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Trump Shrugs Off Coronavirus Death Count in Interview, Says “It Is What It Is”

In just a little over five months, more than 155,000 Americans have died from coronavirus.

President Trump speaks during a COVID-19 briefing in the James S. Brady Briefing Room at the White House on July 28, 2020, in Washington, D.C.

In a stunning interview that aired Monday night on HBO, President Donald Trump tried to defend himself on his handling of coronavirus by stating that the number of deaths in the United States as a result of the disease “is what it is.”

Trump was questioned how he could assert the pandemic was under control in light of the number of daily deaths “starting to go up again,” in the words of Axios reporter Jonathan Swan, who conducted the interview.

The president, however, persisted in claiming that the U.S. was doing much better than the rest of the world in terms of deaths. He handed Swan a chart showing deaths by country in proportion to the total number of cases each country had seen.

Swan explained he was trying to discuss deaths in proportion to the total country’s population, however. The U.S. is “much worse than South Korea, Germany, et cetera” on that metric, he said.

“You can’t do that,” Trump interrupted. “You have to go by — look, you have to go by the cases.”

“It’s certainly a relevant statistic to say, if the U.S. has ‘X’ population and ‘X’ percentage of death of that population,” Swan retorted.

“No, because you have to go by the cases,” Trump insisted.

Swan maintained that the president had to address the increasing number of daily deaths in the U.S. “A thousand Americans died today. I understand with cases, it’s different,” he said.

“No, but you’re not reporting it correctly, Jonathan,” Trump argued back.

The two continued to debate the issue, with Trump ultimately claiming that COVID-19 deaths in the country “are way down from where it was.” Swan pointed out, however, that deaths did indeed go down for a while, but are presently going back up again, to above 1,000 deaths per day in the United States.

Trump pushed back, but he also conceded that Americans were dying. However, the president used wording that seemed to imply he didn’t believe it was as big a deal as some were making it out to be.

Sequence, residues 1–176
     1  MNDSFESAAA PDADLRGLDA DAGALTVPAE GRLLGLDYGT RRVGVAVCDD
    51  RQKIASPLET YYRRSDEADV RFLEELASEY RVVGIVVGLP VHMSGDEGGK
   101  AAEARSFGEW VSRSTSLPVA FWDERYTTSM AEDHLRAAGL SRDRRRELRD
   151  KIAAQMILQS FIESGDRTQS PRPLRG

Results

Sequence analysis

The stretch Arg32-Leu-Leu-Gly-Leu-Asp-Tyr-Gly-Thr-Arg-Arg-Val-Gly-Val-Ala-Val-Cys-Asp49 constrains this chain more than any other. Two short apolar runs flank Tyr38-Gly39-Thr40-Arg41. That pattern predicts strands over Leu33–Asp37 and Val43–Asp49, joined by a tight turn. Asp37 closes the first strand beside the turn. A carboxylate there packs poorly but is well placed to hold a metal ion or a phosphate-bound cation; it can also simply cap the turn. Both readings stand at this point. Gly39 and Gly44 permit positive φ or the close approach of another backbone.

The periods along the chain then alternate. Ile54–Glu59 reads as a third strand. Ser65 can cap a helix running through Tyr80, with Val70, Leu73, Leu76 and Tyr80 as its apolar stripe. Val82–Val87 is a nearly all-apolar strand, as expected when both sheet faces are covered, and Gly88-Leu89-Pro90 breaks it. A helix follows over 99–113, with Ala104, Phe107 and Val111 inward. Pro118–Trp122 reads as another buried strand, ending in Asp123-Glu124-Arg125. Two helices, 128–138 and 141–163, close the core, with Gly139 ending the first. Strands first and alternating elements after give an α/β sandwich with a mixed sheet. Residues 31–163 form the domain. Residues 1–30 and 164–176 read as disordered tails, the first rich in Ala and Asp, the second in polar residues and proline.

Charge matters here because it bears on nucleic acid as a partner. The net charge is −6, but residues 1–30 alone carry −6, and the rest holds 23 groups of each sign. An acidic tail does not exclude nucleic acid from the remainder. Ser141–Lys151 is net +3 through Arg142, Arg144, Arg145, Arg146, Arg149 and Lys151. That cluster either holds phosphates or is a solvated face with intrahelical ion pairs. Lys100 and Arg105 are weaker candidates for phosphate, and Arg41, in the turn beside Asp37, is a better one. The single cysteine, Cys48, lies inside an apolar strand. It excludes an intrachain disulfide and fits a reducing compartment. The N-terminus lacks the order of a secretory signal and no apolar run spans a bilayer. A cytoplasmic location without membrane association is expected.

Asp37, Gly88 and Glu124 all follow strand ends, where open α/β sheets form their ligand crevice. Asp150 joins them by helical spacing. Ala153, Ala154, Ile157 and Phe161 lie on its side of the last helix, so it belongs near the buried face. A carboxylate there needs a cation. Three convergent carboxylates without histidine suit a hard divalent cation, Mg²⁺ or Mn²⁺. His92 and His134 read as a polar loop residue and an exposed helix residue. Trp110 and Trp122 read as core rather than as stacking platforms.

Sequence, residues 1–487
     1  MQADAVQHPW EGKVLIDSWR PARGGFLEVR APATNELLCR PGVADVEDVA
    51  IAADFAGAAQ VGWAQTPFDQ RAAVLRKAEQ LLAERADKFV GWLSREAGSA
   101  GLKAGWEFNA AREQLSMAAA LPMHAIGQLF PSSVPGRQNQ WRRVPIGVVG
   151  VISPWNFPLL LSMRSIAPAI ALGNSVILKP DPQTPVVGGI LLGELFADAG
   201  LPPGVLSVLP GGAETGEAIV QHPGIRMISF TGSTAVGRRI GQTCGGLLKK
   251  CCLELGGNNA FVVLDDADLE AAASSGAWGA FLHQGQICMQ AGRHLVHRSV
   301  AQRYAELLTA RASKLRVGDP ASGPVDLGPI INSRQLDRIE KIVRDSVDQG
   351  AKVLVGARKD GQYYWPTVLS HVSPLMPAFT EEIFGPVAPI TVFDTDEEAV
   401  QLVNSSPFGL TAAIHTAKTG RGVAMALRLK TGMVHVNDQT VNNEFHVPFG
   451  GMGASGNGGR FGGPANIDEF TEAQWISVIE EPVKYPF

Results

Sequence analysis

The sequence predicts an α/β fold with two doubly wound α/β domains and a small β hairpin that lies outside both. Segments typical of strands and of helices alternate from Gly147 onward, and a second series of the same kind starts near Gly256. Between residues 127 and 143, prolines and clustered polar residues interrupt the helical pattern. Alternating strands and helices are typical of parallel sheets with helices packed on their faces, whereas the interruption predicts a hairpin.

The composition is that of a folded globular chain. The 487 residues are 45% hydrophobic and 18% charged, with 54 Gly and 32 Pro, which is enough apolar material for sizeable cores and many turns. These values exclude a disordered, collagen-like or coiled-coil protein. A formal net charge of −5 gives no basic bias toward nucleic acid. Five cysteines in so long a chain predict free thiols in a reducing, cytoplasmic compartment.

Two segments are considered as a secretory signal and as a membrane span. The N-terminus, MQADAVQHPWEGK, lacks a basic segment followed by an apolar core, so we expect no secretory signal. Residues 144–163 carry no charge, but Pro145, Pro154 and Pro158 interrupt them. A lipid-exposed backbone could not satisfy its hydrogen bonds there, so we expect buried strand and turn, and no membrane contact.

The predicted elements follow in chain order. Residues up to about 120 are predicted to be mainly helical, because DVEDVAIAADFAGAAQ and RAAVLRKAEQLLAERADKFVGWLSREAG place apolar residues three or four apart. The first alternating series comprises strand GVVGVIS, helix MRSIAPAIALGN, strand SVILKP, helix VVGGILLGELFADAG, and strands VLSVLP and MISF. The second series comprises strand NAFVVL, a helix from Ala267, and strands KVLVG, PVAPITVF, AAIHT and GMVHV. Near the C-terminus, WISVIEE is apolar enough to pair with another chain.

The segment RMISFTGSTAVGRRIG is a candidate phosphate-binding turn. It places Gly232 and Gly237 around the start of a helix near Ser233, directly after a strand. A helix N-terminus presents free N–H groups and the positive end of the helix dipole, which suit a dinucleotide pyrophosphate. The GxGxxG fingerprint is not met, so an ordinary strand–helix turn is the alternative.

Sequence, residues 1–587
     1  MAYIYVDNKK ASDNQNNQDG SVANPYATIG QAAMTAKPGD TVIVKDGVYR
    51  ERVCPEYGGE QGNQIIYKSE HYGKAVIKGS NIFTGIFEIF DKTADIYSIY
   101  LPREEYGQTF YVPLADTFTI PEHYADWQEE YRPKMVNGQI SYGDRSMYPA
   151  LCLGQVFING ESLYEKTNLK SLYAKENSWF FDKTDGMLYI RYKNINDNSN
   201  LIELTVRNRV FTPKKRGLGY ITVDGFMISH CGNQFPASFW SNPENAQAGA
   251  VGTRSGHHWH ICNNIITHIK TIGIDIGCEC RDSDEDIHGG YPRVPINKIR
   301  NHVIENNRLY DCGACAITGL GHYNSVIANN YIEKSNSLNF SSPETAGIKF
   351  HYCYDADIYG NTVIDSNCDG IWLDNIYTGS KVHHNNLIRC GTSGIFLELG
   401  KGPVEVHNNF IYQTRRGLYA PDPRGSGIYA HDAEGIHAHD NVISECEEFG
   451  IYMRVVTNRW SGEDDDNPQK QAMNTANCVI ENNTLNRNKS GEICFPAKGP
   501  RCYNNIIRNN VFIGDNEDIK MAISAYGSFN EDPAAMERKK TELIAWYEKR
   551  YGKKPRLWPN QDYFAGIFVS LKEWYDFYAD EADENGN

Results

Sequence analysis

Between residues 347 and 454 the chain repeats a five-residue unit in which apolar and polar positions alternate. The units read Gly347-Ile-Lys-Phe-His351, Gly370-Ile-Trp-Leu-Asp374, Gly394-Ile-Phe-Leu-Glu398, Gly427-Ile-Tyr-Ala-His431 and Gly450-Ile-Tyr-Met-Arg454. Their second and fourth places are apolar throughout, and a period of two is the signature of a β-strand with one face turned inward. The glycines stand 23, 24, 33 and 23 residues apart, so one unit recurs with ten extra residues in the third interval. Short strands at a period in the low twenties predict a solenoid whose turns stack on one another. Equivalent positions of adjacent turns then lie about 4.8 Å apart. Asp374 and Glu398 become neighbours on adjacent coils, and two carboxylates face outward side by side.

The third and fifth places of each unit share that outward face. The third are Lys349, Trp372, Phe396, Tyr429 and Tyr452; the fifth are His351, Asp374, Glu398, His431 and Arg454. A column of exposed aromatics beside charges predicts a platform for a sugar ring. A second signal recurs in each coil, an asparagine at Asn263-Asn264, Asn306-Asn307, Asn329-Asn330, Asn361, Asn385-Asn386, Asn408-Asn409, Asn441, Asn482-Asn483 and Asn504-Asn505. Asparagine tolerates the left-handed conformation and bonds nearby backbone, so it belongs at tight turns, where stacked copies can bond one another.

“They are dying, that’s true. And you have — it is what it is,” Trump said. “But that doesn’t mean we aren’t doing everything we can. It’s under control as much as you can control it.”

Many experts disagree that Trump has the situation under control, however. Trump’s actions in the past — or rather, his inaction in dealing with coronavirus early on — may have resulted in more deaths occurring in the country than were necessary. There also doesn’t appear to be a coherent national strategy going forward from the administration in how to deal with the disease in the next few months, other than waiting for a vaccine to be developed, a process that may take until the end of the year (if not longer) to happen.

A number of models project that deaths from coronavirus may go up between now and then, in ways that rival the worst weeks of the pandemic that we’ve seen so far. A projection from the University of Washington’s Institute for Health Metrics and Evaluation (IHME) in July suggested as many as 224,000 Americans could die between now and November 1.

Other projections, looking at more immediate outcomes, are also grim. According to the Centers for Disease Control and Prevention (CDC), it’s expected that 11,000 Americans will die each week in the month of August. That would amount to a daily average of 1,571 deaths per day.

The United States leads the world in terms of raw numbers of cases reported, with more than 4.7 million cumulative diagnoses of the disease having been made since the start of March, according to figures from Johns Hopkins University as of Tuesday morning. In total, 155,478 Americans have died of the disease, though health experts warn that the number is likely an undercount.

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